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A History Of Artificial Intelligence -- From the Beginning

#artificialintelligence

In the seminal paper on AI, titled Computing Machinery and Intelligence, Alan Turing famously asked: "Can machines think?" -- or, more accurately, can machines successfully imitate thought? Turing clarifies that he's interested in machines that "are intended to carry out any operations which could be done by a human computer." In other words, he's interested in complex digital machines. Since the achievement of a thinking digital machine is a matter of the evolution of machines, it reasons to start at the beginning of machine history. A machine is a device that does work.


Computing History Beyond the U.K. and U.S.

Communications of the ACM

An early programmable handwriting automaton with internal mechanics built by Pierre Jaquet-Droz in the 18th century; the text (up to 37 characters) is stored on cam plates. Most histories of computing are dominated by Anglo-Saxon accounts in which devices and practices from elsewhere, continental Europe in particular, are underrepresented and in some cases omitted. However, there is a rich history of such discoveries and the widespread use of computational devices. This article aims to supplement and correct widely accepted accounts, briefly describing examples from European countries in chronological order. Some of these innovations are well known, but, for others, we are no longer aware of them or they are forgotten entirely.


History of artificial intelligence - Wikipedia, the free encyclopedia

#artificialintelligence

The history of artificial intelligence (AI) began in antiquity, with myths, stories and rumors of artificial beings endowed with intelligence or consciousness by master craftsmen; as Pamela McCorduck writes, AI began with "an ancient wish to forge the gods."[1] The seeds of modern AI were planted by classical philosophers who attempted to describe the process of human thinking as the mechanical manipulation of symbols. This work culminated in the invention of the programmable digital computer in the 1940s, a machine based on the abstract essence of mathematical reasoning. This device and the ideas behind it inspired a handful of scientists to begin seriously discussing the possibility of building an electronic brain. The Turing test was proposed by British mathematician Alan Turing in his 1950 paper Computing Machinery and Intelligence, which opens with the words: "I propose to consider the question, 'Can machines think?'" The term'Artificial Intelligence' was created at a conference held at Dartmouth College in 1956.[2] Allen Newell, J. C. Shaw, and Herbert A. Simon pioneered the newly created artificial intelligence field with the Logic Theory Machine (1956), and the General Problem Solver in 1957.[3] In 1958, John McCarthy and Marvin Minsky started the MIT Artificial Intelligence lab with 50,000.[4] John McCarthy also created LISP in the summer of 1958, a programming language still important in artificial intelligence research.[5] In 1973, in response to the criticism of James Lighthill and ongoing pressure from congress, the U.S. and British Governments stopped funding undirected research into artificial intelligence. Seven years later, a visionary initiative by the Japanese Government inspired governments and industry to provide AI with billions of dollars, but by the late 80s the investors became disillusioned and withdrew funding again. McCorduck (2004) writes "artificial intelligence in one form or another is an idea that has pervaded Western intellectual history, a dream in urgent need of being realized," expressed in humanity's myths, legends, stories, speculation and clockwork automatons.[6] Mechanical men and artificial beings appear in Greek myths, such as the golden robots of Hephaestus and Pygmalion's Galatea.[7] In the Middle Ages, there were rumors of secret mystical or alchemical means of placing mind into matter, such as J?bir ibn Hayy?n's Takwin, Paracelsus' homunculus and Rabbi Judah Loew's Golem.[8] By the 19th century, ideas about artificial men and thinking machines were developed in fiction, as in Mary Shelley's Frankenstein or Karel?apek's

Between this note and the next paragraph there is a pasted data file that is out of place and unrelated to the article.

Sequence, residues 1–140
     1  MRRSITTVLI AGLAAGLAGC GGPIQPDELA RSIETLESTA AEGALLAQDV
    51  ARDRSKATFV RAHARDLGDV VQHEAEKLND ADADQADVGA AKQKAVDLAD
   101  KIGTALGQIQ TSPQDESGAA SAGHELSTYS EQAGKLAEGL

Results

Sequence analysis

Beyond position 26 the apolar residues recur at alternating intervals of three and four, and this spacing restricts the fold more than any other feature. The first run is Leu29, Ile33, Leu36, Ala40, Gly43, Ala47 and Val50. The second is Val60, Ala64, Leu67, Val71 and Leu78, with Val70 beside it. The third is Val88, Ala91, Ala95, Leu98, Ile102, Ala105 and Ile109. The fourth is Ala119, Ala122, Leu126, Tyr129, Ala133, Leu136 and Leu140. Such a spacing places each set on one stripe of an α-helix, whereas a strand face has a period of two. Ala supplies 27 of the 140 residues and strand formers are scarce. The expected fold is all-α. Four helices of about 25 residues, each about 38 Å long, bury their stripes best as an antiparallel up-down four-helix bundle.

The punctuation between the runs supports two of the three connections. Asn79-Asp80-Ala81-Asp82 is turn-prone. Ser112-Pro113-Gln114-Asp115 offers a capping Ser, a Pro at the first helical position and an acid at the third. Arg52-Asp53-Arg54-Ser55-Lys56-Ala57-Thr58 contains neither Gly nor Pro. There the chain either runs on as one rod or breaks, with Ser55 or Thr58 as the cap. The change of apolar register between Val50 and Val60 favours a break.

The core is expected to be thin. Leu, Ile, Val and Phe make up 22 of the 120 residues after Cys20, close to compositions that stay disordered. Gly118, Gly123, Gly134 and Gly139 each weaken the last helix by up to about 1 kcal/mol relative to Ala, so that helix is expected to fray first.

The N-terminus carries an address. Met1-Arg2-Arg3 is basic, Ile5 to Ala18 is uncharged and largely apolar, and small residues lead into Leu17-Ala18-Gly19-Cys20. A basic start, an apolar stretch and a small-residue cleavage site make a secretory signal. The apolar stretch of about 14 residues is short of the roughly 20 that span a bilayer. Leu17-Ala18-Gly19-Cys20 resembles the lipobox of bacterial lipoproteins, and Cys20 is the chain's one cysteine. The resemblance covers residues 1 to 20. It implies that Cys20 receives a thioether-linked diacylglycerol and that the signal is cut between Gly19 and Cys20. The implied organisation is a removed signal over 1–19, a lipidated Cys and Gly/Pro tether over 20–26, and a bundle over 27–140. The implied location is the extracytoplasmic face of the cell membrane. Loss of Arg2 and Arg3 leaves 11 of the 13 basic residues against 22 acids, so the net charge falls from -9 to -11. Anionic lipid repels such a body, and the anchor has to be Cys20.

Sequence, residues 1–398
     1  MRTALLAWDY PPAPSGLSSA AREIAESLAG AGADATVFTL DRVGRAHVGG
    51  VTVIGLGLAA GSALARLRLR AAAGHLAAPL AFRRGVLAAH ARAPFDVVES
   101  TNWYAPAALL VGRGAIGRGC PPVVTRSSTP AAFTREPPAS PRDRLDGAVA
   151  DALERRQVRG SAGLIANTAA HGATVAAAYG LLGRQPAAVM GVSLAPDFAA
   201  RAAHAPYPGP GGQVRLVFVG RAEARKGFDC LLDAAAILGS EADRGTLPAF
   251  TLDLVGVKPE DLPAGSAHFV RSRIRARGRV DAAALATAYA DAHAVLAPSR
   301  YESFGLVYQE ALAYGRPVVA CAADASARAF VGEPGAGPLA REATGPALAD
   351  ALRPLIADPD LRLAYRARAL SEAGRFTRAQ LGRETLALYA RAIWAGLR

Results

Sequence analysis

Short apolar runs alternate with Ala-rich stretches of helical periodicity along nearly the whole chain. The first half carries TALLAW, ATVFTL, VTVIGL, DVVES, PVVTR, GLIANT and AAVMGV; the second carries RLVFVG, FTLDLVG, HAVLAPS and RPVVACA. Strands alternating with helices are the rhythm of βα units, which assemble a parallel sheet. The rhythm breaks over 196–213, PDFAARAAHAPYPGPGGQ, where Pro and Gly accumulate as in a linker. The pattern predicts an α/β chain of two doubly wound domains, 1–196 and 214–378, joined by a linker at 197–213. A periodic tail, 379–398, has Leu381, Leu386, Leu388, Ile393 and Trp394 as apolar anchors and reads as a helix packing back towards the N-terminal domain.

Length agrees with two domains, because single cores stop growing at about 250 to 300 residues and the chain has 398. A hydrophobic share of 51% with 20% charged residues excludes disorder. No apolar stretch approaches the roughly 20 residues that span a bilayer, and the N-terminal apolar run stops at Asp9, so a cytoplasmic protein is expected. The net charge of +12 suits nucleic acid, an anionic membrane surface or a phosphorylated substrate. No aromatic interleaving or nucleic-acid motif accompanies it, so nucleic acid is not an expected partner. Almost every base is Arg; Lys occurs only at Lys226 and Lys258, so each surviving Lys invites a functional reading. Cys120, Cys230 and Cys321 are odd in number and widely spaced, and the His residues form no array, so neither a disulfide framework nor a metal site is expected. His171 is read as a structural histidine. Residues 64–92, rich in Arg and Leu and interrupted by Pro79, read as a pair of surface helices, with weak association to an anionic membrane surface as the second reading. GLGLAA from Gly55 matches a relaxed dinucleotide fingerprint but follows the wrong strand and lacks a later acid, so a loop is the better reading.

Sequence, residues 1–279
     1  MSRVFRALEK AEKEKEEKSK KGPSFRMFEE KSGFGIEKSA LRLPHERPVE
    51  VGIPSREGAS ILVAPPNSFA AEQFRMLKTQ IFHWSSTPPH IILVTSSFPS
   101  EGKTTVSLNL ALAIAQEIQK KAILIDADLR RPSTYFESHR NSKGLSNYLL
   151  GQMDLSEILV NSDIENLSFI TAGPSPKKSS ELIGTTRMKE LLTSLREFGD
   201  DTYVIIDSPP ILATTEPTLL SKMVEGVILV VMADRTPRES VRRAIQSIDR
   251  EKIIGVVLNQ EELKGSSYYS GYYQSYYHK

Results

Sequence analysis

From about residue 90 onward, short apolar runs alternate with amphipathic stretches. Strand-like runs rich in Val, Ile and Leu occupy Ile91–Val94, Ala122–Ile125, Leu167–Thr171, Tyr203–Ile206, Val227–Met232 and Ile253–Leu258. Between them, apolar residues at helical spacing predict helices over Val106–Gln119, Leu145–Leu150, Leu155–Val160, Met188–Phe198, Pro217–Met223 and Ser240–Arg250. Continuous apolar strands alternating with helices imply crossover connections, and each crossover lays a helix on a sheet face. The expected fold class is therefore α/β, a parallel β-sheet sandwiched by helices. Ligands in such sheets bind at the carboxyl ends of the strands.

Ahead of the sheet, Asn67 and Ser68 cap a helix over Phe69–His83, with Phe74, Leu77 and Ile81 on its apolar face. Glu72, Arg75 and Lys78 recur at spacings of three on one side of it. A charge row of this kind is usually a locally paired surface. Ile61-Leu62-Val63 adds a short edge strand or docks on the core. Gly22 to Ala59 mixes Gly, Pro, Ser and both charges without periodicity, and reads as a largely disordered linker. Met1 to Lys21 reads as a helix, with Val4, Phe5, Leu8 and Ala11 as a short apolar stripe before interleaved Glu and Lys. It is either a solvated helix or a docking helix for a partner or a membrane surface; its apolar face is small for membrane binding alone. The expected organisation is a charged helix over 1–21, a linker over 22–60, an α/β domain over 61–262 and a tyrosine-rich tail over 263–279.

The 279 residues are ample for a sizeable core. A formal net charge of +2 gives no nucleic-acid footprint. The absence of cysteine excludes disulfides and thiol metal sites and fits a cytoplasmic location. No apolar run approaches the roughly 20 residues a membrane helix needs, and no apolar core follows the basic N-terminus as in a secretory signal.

A (Very) Brief History of Artificial Intelligence

AI Magazine

In this brief history, the beginnings of artificial intelligence are traced to philosophy, fiction, and imagination. Early inventions in electronics, engineering, and many other disciplines have influenced AI. Some early milestones include work in problems solving which included basic work in learning, knowledge representation, and inference as well as demonstration programs in language understanding, translation, theorem proving, associative memory, and knowledge-based systems. The article ends with a brief examination of influential organizations and current issues facing the field. Ever since Homer wrote of mechanical "tripods" waiting on the gods at dinner, imagined mechanical assistants have been a part of our culture.


A (Very) Brief History of Artificial Intelligence

AI Magazine

In this brief history, the beginnings of artificial intelligence are traced to philosophy, fiction, and imagination. Early inventions in electronics, engineering, and many other disciplines have influenced AI. Some early milestones include work in problems solving which included basic work in learning, knowledge representation, and inference as well as demonstration programs in language understanding, translation, theorem proving, associative memory, and knowledge-based systems. The article ends with a brief examination of influential organizations and current issues facing the field.